As the DeLorean car factory in Belfast faces closure a look at the background to the troubled motor company.
It was once hoped that 20,000 DeLorean DMC sports cars would be sold to wealthy Americans bringing much need employment to West Belfast where they were manufactured. However, this was not to be as the company faced financial collapse just 18 months after production began. Workers at the plant now seem resigned to unemployment.
Ahead of a meeting with management many of the workers were pessimistic about the future of their jobs with one employee telling RTÉ News,
We'll just have to see how it works out today at this meeting. Hopefully we'll get some sort of verdict tomorrow. After that, who knows? The dole again.
The verdict became clear when it was announced that there would be 1,100 job losses, with a further 1,500 put on short time. The future of the company was in doubt.
DeLorean first began production in Belfast in August 1980, providing a much needed job boost to the residents of West Belfast.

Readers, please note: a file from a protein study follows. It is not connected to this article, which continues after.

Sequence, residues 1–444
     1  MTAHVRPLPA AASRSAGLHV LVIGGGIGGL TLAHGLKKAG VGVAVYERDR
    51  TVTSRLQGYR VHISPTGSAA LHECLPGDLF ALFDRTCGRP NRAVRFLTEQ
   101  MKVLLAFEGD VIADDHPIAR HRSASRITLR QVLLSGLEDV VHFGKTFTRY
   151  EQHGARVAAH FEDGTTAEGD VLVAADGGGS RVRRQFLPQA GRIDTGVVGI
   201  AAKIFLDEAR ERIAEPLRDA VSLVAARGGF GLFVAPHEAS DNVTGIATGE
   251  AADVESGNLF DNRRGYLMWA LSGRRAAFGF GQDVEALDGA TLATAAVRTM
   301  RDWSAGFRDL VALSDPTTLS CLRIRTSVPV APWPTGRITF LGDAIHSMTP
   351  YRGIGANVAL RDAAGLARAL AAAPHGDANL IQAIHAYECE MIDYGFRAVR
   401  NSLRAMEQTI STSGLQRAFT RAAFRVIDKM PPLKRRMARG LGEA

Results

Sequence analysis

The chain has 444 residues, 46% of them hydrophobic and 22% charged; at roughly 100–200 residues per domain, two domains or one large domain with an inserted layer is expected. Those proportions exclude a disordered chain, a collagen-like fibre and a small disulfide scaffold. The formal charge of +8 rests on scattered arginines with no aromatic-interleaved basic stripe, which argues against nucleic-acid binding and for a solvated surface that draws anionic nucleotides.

Whatever the cost this new project would generate much needed pay packets.
John Zachary DeLorean was a former vice president at General Motors, a design engineer with a revolutionary new product, and one of the biggest names in the car industry. The UK government had invested £75 million in the plant, with DeLorean himself investing just £2 million of his own money. DeLorean's view was that his contribution was far more important than money,
I've got a pint of blood for every pound that the British have in it so I think we're all about even.
Defending the government investment in the company, DeLorean said that all the money was spent within the UK economy and had generated employment.
From the outset, there were sceptics including the Industrial Development Authority in the Republic of Ireland.
But the British government were in up to their teeth and they rejected the critics complaints.
Former Secretary of State for Northern Ireland Humphrey Atkins acknowledged that there were risks involved in the project, but placed his faith in the expertise of John DeLorean to make it a success.
But the key to success of this project would have to be exports to the American market. It was there that DeLorean's hopes would fail or succeed. If exports dried up, then the company was doomed and that's precisely what happened.
This episode of 'Public Account' was broadcast on 2 February 1982.